"He’s an ambitious young puppy who started out a little awkward trying to get into the groove of all this,” he said. "But he’s passionate about the dancing. He’s got the right spirit. He’s using his intellect. He’s really a philosopher of sorts.”
Inside his bedroom, where the hiss of the radiator blended with the blare of music from a neighbor’s apartment, he smiled modestly at the compliment. He admits to spending a lot of time thinking about what it means to follow this path, which others would dismiss as childish or trivial. Even some young people on his block – which is down the street from a youth center that hosted storied rap battles in the 1970s – have little idea of the culture he has embraced.
That’s why he has been busy hosting workshops and panel discussions about hip-hop. And when he has an exhibit, he’ll often just give away his work. He thinks having a piece made by someone you know from the block is worth more than anything bought in a variety store.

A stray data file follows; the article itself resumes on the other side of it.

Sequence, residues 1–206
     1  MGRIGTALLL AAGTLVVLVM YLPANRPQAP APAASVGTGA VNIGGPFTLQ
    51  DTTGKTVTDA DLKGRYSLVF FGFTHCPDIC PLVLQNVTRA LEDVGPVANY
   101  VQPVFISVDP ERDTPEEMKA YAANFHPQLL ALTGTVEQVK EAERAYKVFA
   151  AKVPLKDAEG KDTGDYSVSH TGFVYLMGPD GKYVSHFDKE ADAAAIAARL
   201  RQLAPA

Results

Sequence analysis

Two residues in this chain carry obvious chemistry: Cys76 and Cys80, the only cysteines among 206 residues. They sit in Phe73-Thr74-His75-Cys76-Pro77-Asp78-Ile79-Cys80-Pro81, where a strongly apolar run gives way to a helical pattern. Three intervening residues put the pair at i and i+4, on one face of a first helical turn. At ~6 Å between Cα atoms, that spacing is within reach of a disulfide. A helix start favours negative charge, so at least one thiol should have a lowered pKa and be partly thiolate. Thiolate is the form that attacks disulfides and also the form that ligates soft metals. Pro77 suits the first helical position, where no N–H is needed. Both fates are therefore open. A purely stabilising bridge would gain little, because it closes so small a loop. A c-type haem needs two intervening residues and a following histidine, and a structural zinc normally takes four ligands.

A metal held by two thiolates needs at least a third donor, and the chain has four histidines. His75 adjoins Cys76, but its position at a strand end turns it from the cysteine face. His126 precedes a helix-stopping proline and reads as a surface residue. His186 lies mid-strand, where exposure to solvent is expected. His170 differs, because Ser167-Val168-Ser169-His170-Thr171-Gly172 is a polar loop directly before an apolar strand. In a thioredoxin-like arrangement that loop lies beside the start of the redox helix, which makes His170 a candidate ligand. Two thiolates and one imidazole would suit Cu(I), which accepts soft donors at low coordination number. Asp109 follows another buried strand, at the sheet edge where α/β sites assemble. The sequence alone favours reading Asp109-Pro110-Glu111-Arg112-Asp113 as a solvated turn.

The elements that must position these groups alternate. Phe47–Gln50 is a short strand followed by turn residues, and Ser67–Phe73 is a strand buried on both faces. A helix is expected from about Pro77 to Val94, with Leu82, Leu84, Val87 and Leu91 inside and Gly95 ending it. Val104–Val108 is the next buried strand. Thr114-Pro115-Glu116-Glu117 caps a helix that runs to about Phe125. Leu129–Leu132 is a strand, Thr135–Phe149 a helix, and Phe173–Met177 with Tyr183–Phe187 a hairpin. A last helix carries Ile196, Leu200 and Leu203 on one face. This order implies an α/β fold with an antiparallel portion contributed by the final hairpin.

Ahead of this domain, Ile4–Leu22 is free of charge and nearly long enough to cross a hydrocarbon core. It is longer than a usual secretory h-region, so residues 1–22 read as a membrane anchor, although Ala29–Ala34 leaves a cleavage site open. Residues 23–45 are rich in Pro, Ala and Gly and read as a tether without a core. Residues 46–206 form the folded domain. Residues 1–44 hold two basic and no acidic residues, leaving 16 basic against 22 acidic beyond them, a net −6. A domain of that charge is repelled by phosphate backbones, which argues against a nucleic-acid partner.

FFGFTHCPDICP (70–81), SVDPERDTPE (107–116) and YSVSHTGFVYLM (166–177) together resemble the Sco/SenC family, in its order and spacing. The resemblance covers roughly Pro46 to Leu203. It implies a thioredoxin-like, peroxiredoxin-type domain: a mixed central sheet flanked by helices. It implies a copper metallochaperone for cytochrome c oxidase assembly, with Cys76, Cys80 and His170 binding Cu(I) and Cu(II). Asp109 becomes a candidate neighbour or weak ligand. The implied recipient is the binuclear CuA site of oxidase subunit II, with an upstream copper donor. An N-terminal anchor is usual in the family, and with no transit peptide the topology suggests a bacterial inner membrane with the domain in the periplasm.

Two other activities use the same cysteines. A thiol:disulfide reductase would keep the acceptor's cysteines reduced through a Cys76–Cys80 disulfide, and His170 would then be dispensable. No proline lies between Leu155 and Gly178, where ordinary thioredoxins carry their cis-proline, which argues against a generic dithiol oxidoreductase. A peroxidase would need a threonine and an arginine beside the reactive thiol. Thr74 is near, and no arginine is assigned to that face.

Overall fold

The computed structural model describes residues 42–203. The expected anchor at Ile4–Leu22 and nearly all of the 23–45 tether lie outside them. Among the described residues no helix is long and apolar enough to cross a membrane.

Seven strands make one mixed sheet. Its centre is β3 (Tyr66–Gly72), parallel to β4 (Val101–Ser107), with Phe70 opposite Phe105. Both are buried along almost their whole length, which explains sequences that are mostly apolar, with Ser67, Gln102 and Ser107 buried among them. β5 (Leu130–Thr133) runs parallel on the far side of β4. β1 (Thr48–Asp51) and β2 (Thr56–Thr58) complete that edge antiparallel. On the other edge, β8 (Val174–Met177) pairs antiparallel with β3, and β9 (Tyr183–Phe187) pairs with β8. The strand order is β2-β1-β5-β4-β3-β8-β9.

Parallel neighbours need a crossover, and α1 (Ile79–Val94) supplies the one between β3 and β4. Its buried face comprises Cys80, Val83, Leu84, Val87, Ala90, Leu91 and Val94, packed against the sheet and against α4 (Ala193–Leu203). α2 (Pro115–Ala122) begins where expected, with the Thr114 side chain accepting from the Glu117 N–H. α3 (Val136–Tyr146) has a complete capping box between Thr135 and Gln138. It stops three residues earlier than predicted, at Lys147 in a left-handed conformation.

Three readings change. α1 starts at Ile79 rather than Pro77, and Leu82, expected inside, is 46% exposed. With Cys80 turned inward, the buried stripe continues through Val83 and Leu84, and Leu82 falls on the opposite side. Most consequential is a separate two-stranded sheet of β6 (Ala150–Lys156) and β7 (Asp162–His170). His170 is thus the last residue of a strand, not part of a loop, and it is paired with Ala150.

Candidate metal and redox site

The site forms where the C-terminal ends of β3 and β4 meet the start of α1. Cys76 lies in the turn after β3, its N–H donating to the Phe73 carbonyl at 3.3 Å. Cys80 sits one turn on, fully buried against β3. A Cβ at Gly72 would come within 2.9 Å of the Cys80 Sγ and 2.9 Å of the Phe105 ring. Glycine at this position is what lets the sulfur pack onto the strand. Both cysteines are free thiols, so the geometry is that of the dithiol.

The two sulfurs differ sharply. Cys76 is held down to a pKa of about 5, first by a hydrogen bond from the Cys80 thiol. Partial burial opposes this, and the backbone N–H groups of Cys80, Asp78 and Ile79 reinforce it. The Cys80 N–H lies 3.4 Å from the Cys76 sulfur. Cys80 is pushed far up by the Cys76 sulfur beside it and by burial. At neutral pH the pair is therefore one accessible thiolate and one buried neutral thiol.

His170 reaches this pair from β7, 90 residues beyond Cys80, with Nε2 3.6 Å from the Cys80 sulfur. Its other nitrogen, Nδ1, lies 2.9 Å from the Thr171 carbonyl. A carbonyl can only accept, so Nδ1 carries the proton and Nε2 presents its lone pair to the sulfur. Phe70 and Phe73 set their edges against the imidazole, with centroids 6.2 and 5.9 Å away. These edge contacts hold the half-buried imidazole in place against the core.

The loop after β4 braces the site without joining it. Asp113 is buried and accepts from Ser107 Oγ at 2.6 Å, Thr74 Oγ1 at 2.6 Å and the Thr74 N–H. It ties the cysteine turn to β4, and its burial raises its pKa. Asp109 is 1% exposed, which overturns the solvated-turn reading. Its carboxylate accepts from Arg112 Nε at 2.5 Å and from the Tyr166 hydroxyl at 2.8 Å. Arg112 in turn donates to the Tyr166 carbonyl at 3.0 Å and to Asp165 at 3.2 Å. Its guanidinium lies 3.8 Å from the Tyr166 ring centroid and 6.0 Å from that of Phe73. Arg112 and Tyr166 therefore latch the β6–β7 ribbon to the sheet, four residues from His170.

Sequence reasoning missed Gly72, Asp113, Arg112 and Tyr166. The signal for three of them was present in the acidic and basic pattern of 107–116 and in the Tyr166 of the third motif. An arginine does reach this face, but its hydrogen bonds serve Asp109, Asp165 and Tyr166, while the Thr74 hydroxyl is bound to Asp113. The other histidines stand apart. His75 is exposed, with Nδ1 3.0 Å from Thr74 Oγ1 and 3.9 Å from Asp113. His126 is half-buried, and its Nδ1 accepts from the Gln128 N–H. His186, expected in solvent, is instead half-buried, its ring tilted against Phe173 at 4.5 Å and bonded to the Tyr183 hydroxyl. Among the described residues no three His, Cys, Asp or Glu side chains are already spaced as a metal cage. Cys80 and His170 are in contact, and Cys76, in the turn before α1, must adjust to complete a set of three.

He once wanted to be famous. Now he just wants to make art accessible. He hopes to land a job at an after-school center. That would make him happy.
"It’s always good to assure yourself that you have some impact,” he said. "We have to. That’s why when we walk out our doors every day, we decide to put a smile on someone else’s face. Sometimes when I dance, it’s not for me.”
The weather was too cold this week to go outside to the park. His radio was busted – the battery had melted. Undaunted, he followed the example of an earlier generation of Bronx B-boys and improvised. He turned on a small television and tuned it to a cable channel that played ’70s disco and funk. He smiled as he heard the chugging guitar of "Shame, Shame, Shame” by Shirley & Company.
Can’t stop me now. Hear what I say. My feet want to move, so get out my way.
In a tiny room where the walls are covered with his art, Nelson Seda, Chief 69 and founder of the Floor Royalty Crew, spun and popped, dipped and darted, gloriously and happily. For now, he danced for no one but himself. And there was no shame.